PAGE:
CPS Energy residential customers can expect a monthly bill about 2.8% higher in February than what they were charged on average for electrical and gas service in recent months. That’s due to a 4.25% hike to the base rate, which is determined by average usage over the previous six months, going into effect Feb. 1.

Executives said the higher rate was needed to make its power system greener and more durable, expand its workforce, and make technology and security improvements.

“With growth comes additional energy demand and investment to sustain system reliability,” CPS Energy communications specialist Milady Nazir said.

Two-minute impact

The rate hike, approved by CPS Energy board and City Council on Dec. 4 and 7, respectively, will generate $85 million more yearly for the utility.

CPS Energy officials said the new revenue will go toward reinforcing the utility’s wires, poles and other infrastructure; overhauling its 20-year-old computer system; enhancing customer service; and preparing to replace workers eligible for retirement over the next five years.

District 10 council member Marc Whyte proposed a 2.125% rate hike and returning part of a $420 million-plus city budget surplus, including CPS Energy excess revenues, to the city-owned utility to stave off the 4.25% increase.

The base rate applies to all customers, but there are other factors to consider in billing, such as whether it’s residential use or commercial. Council rejected that proposal.

“In the 2025 budget process, we need to cut spending on the city side and invest those savings into CPS,” Whyte said later.

Dig deeper

Spurred by council and community members’ concerns about affording the new rate hike, CPS Energy officials said they will increase the Affordability Discount Program.

Eligible residential customers can save as much as $2.22 monthly on electric and gas together with the program increases. The utility also plans to boost the number of eligible customers the program can aid.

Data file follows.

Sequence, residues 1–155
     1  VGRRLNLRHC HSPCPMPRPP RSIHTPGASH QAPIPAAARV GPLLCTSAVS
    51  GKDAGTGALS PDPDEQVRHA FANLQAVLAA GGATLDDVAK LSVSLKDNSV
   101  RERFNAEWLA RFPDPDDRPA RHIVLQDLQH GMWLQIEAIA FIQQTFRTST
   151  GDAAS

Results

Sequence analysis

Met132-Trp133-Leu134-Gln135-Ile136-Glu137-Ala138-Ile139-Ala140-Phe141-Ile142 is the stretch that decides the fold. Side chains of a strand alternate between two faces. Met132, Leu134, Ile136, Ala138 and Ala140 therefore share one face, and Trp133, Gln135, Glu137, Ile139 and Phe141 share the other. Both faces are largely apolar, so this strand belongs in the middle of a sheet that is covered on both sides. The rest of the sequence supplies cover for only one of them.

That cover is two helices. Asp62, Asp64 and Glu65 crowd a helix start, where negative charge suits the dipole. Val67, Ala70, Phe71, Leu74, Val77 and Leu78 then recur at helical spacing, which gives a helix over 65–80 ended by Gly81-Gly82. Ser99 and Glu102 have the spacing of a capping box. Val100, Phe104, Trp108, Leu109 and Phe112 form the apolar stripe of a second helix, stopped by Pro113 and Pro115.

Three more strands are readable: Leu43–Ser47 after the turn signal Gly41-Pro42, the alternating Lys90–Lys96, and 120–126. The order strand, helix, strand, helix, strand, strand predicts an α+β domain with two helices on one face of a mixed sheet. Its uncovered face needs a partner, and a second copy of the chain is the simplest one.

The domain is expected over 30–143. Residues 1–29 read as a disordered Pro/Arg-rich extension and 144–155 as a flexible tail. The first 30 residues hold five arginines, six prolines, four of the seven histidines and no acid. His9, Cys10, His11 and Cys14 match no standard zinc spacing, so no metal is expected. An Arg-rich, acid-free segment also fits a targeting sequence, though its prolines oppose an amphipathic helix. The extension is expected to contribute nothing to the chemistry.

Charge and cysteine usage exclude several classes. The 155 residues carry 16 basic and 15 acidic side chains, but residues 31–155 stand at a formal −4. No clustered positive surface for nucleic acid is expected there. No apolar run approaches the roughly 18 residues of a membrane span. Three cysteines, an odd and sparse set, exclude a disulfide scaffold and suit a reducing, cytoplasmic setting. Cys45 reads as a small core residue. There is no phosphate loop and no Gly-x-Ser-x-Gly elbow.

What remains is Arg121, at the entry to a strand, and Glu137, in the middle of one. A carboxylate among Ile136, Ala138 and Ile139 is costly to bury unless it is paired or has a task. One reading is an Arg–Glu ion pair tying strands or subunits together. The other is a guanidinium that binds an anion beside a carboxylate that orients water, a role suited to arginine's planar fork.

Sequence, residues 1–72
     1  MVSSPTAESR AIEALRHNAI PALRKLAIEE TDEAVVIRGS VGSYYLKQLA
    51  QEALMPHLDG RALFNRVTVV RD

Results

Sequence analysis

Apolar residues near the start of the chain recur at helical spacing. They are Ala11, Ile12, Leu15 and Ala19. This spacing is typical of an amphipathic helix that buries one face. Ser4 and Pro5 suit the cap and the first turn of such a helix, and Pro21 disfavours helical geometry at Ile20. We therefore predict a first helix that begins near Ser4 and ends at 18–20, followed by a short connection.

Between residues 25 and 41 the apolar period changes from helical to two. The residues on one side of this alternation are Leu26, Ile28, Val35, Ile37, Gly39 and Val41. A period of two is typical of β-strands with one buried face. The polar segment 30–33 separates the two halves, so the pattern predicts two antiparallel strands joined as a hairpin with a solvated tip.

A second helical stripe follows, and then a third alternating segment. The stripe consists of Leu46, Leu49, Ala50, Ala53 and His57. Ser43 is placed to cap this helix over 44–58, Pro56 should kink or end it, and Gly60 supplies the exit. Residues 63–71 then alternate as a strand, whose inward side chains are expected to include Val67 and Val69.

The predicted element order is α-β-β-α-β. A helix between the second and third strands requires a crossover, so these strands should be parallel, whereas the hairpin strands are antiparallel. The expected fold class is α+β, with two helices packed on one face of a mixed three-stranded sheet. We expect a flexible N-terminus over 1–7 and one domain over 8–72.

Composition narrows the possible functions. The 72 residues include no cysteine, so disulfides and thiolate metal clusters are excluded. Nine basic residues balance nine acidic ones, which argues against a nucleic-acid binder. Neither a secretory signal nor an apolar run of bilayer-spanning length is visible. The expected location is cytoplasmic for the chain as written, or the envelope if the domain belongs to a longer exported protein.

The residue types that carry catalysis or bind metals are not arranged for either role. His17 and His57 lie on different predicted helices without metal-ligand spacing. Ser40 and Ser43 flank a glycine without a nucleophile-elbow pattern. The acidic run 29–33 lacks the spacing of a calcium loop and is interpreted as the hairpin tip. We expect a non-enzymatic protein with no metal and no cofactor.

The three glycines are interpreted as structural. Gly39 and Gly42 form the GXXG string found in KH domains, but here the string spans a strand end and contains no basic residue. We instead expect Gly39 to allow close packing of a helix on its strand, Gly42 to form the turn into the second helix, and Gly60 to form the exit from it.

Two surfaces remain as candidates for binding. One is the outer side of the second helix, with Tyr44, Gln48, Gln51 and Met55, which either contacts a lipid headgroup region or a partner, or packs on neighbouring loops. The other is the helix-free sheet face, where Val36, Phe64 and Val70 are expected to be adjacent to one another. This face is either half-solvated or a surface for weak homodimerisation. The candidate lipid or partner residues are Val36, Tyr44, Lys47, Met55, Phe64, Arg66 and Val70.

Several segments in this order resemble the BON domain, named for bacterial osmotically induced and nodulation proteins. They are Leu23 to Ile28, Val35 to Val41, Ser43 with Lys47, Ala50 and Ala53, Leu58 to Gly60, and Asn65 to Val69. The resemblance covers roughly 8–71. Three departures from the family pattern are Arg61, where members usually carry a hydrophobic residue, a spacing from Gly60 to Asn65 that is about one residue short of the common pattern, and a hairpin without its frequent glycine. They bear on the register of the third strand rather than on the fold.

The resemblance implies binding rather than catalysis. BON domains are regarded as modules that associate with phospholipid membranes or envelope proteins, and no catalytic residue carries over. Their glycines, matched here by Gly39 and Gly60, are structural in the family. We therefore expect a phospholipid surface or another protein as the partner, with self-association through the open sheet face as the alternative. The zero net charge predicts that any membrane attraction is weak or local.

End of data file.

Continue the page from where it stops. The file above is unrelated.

Eligible customers seeking payment assistance may also find help through the city’s and Bexar County’s Residential Energy Assistance Partnership on the city’s website at www.sa.gov/directory/departments/dhs/financial-assistance/utility-assistance or the county’s website at www.bexar.org/2764/utility-application-process.

What they're saying

John Courage, San Antonio District 9 City Council member, said nobody wants to raise rates, but one is required to help CPS Energy shore up local power supply infrastructure, security and manpower to serve a growing city.

"A 4.25% rate increase is immediately needed to ensure continued adequate, efficient and reliable energy delivery to every household and business in the CPS Energy system,” Courage said.

While local business advocacy groups endorsed the rate increase, CPS Energy and city leaders received complaints about the move from several residents and ratepayers during the council meeting and afterward.

Chris Fails, former Hollywood Park mayor, told Community Impact he feels underrepresented because CPS Energy returns 14% of its annual gross revenues to the city of San Antonio, owner of the utility, whereas suburbs served by the utility do not get a share of excess revenues.

"None of us have a voice on the rate hikes. We are just forced to accept the whims of the San Antonio City Council,” former Hollywood Park Mayor Chris Fails told Community Impact.

Going forward

CPS Energy President and CEO Rudy Garza said the rate hike will also support implementation of the utility’s new power generation portfolio.

Officials plan to phase out coal use by 2028; close one coal plant; turn another into a natural gas facility; and add nearly 5,000 megawatts of power capacity over seven years—a blend of natural gas, solar, wind and lithium battery storage.

In all, CPS Energy officials plan to spend $6.2 billion over the next five years to implement these and other improvements. The utility’s executives also said they are eyeing a potential base rate increase in 2027.

CPS Energy board Chair Janie Gonzalez thanked city leaders for backing the rate hike and sharing insight regarding the utility’s long-term plans.

[Council’s] decision plays a vital role in advancing our utility’s progress toward a future of greater resilience and reliability in energy services for our community,” Gonzalez said in a statement.